Tammy included the photos shown here. (Just look at that beautiful face!) We owe people like Ann and Ursula (the person) a debt of gratitude for their unceasing efforts on behalf of sea turtles and Tammy, Michelle, and the rest of the crew at MSC for their competent and compassionate care of our critters.
We'll keep you posted.

Tuesday, March 10, 2009

Sea Turtles - The Lost Years

Dr. Blair Witherington's presentation at the Sea Turtle Preservation Society meeting last week was predictably terrific. Blair is is a research scientist with the Florida Fish and Wildlife Conservation Commission's Fish and Wildlife Research Institute and an internationally recognized sea turtle expert, so he knows his sea turtles inside and out. Amongst lots of other things, he described the newborn hatchlings' frenzied swim out to sea and how long they can survive on the egg nutrient they are born with (about 3 days). The "lost years" theme considered what these little critters do between the time they leave shore as newborns and when they return as mature adults (10 to 30 years, depending on species).

It turns out that much of what is known of sea turtles is fairly new knowledge. Blair talked about an experiment he was involved with several years ago as a graduate student that really captured my fancy - I asked him to share his photos so you could enjoy it also.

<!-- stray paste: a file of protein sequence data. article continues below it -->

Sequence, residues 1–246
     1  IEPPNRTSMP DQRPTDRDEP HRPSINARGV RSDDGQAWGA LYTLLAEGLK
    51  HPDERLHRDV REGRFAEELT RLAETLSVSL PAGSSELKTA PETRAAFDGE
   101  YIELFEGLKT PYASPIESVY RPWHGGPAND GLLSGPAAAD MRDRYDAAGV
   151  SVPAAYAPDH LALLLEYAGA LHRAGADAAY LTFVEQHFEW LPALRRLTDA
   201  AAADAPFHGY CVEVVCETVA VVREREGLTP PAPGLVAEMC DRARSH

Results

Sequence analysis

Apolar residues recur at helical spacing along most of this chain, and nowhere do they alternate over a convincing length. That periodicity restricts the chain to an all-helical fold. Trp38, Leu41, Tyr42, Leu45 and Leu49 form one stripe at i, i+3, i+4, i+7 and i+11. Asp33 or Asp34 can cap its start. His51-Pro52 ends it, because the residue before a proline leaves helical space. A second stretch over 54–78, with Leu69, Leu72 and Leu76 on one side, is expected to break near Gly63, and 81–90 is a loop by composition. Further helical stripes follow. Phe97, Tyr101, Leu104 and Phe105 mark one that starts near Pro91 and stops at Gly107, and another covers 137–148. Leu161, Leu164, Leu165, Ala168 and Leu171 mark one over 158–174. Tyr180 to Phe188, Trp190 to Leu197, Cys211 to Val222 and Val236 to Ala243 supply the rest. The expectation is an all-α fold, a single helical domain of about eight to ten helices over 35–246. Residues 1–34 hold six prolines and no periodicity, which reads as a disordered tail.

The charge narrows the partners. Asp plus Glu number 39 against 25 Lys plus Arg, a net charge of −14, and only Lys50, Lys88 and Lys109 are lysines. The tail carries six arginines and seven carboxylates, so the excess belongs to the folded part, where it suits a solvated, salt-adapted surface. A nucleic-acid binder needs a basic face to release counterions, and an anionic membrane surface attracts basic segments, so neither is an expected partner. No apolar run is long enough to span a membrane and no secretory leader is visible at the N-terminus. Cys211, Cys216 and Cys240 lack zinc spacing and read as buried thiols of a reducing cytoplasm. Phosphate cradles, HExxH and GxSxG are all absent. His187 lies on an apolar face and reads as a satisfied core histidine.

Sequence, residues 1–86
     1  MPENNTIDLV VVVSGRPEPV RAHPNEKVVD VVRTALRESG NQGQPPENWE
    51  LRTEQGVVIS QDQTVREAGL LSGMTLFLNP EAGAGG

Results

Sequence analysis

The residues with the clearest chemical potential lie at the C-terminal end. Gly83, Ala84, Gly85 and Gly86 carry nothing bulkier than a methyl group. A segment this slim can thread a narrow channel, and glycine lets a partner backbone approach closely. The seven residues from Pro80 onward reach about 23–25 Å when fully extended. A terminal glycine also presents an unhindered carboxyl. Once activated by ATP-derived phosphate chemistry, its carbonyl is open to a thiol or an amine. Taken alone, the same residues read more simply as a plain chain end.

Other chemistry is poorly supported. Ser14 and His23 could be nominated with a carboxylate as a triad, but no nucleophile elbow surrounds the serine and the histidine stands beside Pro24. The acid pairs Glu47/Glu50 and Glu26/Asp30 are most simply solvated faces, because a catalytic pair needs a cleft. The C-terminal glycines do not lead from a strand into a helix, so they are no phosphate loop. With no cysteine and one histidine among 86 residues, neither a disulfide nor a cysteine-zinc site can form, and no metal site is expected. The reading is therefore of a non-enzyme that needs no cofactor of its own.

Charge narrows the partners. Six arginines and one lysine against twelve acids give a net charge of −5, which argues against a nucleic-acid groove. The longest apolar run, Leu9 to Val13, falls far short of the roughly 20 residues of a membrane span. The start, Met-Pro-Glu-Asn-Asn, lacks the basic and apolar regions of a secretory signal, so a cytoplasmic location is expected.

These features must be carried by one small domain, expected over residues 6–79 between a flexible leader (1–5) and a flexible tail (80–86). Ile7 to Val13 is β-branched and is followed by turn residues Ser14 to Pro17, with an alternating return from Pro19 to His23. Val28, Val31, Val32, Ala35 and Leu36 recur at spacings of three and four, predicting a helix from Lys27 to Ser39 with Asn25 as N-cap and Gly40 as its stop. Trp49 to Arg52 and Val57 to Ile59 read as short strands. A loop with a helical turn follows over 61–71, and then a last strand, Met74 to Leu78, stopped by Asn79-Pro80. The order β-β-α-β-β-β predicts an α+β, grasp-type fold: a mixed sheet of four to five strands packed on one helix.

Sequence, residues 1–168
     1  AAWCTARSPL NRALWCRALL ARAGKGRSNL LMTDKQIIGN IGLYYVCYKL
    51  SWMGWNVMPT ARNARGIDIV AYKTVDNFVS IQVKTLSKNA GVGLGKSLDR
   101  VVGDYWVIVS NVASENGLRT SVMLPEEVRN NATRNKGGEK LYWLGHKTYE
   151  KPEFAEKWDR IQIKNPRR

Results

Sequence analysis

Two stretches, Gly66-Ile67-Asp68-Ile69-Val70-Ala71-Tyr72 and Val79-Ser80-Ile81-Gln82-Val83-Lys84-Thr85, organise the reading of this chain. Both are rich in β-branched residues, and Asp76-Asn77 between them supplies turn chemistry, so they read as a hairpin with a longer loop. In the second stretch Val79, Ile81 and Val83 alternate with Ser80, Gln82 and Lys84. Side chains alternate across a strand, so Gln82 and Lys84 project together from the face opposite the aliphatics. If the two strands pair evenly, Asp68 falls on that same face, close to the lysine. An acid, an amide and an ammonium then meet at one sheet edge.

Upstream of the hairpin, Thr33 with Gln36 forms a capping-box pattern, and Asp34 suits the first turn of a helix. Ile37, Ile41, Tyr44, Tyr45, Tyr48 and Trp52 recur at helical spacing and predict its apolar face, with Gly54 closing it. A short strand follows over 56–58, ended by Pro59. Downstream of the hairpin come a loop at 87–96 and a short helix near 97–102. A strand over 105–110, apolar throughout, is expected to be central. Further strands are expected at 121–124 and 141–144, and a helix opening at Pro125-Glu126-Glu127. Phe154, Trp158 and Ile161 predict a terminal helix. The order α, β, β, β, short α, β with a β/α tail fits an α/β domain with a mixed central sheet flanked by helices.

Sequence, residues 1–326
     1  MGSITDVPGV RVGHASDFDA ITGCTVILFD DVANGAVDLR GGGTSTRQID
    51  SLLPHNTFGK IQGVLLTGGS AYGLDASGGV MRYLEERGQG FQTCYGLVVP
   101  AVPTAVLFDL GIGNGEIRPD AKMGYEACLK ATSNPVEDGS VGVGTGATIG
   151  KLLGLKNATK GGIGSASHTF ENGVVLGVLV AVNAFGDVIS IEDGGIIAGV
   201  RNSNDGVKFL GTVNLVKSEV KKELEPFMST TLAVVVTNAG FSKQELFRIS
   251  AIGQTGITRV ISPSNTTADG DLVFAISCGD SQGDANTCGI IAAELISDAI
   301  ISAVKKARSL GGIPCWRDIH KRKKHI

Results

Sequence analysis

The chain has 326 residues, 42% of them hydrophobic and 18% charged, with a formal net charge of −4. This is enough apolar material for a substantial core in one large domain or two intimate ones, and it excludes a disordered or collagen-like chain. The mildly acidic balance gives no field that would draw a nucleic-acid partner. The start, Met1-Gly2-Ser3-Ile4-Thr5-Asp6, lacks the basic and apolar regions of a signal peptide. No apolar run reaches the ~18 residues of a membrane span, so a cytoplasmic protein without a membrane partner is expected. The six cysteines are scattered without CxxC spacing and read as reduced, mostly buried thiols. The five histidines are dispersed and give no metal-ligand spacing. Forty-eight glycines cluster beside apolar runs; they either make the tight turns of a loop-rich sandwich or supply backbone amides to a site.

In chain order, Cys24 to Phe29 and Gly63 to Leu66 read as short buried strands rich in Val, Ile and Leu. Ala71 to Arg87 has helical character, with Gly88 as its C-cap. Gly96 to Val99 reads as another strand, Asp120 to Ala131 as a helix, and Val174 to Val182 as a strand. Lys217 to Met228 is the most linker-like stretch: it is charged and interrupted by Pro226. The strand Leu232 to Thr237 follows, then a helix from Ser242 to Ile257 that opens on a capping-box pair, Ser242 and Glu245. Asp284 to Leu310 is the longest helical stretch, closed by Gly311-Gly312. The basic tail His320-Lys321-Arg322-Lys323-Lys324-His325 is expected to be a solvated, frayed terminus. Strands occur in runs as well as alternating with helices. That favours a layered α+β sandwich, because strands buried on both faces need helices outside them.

Blair and his buddies wanted to follow a hatchling to see where it went and "how it made a living", so they crafted the little raft shown above, equipped it with a red LED, attached it to a hatchling, hopped in a boat, and followed the hatchling pulling the lighted raft for three days! (That would be a YouTube video these days, and the hatchling would be named Surfer Dude.)

Long story short, eventually hatchlings need to be around sargasso (shown above), where they can find the food they like, rest a lot with their front flippers tucked on top of their back and their back flippers protecting their little butt against nibbling fish, and generally hang out and "make a living" while they eat and grow and hopefully survive.

There was, of course, much more to Blair's presentation than this, but I had never given much thought to how scientists figured things out, so this is the part I liked the best. The idea of riding in a boat on the open ocean for three days with your eyes glued to a red light on a little raft being pulled by a two-inch hatchling pretty well boggled my mind.

Our thanks to Blair, as always, for sharing his intellect, his humor, and his photos.